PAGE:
They also need to be strategically focused to deliver what the organisation needs, gathering data to understand where the organisation is and speaking to the right stakeholders to find out the direction of travel required.
Finally, L&D professionals must engage stakeholders to leverage essential resources and achieve the results required. This requires building up those relationships that make the biggest difference and saying no to those stakeholders who neither have impact nor support L&D.
How do we manage our stakeholders?
I have been curious to know how L&D leaders manage stakeholder relationships. Sometimes it can be hit and miss and so below I have shared my understanding of the Stakeholder Analysis grid (I believe this was adapted from Mendelows’ Power-Interest grid).
This grid not only gives a simple approach to categorising the stakeholders but also reveals which ones we should spend the most/least of our time with.
In brief, you can categorise your stakeholders according to the grid above:
Undead (low support and low impact) – not of much use and you should spend as little time as possible with this group
Snipers (low support but high impact) – if you can win these over, they will become the evangelists who will not only support you but will get things done for you. You win them over by demonstrating the value you bring and speaking to them on their terms about what you can do for them
Networkers (High support but low impact) – boost morale when you need it but have little influence to get things moving in the organisation. Keep them on board and watch out, they may grow in their influence
Evangelists (high support and high impact) – boost morale as well as being a mover and shaker in your organisation. Spend most of your time on these and keep them sweet. Use them to exert influence where you cannot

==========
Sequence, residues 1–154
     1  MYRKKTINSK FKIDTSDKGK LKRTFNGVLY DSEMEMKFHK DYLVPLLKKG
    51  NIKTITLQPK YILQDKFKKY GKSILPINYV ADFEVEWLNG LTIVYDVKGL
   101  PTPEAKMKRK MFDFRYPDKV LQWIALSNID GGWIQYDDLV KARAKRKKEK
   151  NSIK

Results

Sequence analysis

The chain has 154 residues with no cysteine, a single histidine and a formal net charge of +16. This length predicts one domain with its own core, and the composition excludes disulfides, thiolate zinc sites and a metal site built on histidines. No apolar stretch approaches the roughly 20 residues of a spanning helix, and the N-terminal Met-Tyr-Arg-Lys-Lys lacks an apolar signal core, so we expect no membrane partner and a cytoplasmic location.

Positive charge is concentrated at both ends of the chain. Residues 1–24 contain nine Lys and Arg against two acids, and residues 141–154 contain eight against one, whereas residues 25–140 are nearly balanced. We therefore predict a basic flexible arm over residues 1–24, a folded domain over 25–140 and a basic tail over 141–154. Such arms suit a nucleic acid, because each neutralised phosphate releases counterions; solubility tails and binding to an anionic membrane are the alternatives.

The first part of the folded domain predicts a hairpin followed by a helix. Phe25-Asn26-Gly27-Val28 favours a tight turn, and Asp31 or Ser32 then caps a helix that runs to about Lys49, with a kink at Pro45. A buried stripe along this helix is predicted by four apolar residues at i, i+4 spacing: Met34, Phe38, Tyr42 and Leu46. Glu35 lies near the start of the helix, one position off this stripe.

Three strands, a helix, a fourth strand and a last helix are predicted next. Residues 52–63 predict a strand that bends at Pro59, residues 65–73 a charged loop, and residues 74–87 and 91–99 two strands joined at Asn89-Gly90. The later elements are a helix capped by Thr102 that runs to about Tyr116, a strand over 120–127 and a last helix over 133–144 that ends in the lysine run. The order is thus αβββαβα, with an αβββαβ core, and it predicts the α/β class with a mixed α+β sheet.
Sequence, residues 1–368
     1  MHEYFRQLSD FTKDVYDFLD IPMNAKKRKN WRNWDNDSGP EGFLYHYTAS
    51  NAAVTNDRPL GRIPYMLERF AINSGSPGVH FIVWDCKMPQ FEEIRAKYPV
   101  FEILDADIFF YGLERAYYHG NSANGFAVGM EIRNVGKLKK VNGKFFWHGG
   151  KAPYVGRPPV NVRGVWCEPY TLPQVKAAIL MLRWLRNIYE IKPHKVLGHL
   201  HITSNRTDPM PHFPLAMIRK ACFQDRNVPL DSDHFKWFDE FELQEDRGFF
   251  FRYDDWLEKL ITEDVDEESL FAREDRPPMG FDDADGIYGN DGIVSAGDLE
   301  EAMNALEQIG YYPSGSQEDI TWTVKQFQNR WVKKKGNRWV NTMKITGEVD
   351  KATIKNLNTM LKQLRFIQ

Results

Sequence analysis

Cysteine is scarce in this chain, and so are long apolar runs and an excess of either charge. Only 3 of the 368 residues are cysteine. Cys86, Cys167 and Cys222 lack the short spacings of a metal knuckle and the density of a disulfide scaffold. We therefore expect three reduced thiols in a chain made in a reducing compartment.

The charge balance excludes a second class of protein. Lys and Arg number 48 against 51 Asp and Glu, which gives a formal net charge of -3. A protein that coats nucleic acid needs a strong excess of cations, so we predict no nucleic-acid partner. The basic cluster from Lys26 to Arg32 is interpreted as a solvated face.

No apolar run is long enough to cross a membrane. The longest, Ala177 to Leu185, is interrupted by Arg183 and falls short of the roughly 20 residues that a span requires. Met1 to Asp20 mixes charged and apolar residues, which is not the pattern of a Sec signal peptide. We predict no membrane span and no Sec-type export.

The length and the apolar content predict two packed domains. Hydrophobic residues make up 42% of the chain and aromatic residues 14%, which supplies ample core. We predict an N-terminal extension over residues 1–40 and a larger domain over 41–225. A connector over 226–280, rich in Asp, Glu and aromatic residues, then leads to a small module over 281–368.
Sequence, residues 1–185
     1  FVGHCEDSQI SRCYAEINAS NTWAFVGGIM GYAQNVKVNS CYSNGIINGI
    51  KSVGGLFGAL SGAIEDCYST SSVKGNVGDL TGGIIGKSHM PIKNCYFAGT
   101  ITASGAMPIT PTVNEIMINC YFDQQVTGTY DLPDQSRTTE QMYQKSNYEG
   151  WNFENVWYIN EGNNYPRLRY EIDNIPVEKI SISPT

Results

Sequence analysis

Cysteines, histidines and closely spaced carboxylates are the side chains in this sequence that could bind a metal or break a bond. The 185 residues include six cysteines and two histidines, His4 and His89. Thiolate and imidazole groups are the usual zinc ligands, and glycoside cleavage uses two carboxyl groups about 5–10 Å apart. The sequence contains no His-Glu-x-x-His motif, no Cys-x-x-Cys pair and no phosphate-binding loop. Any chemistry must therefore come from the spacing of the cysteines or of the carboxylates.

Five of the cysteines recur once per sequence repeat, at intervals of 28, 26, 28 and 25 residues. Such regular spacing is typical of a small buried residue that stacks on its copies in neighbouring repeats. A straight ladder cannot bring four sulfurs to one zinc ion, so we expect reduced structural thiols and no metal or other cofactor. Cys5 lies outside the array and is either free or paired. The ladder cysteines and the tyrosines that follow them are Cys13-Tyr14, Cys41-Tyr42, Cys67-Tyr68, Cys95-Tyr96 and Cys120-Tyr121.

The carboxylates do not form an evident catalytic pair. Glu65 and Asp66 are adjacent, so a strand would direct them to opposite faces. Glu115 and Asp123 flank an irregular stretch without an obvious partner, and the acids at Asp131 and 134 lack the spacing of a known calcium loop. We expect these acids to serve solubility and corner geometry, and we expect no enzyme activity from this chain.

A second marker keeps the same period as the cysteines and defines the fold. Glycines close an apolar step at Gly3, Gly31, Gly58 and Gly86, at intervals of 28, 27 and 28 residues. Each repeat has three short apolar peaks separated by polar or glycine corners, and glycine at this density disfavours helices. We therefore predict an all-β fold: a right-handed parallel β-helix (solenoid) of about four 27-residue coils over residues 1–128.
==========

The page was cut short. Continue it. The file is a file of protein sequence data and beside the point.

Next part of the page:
Keeping pace with change
For me the role of L&D will keep changing and morphing as we get a grip of how to align ourselves with the organisations we work with/for. It will keep changing as we gain confidence in applying only those technologies which are appropriate for the changes that need to be made.
It will also keep changing as we become more skilled in using data to inform our decision making and to evaluate the effectiveness of the solutions we craft.
We professionals in L&D need to keep up with the changes demanded of us and what we demand from ourselves to create our new identity. How do we do this?
By keeping our fingers on the pulse by exploring sites like this
By sharing great news on social media especially when we can celebrate measurable success and a shift in culture
By joining the ‘L&D Revolution’ LinkedIn group to contribute and listen to current thinking on how we could spark a revolution not watch the evolution
Some of the content within this article is taken from my soon-to-be-published book ’How not To Waste Your Money on Training’.
With 30 years experience in L&D, Krystyna has been training trainers, facilitators and subject matter experts as well as line managers since 2008. Noticing a lack of experience and skill in the area of needs analysis drove her to write her book 'How to Not...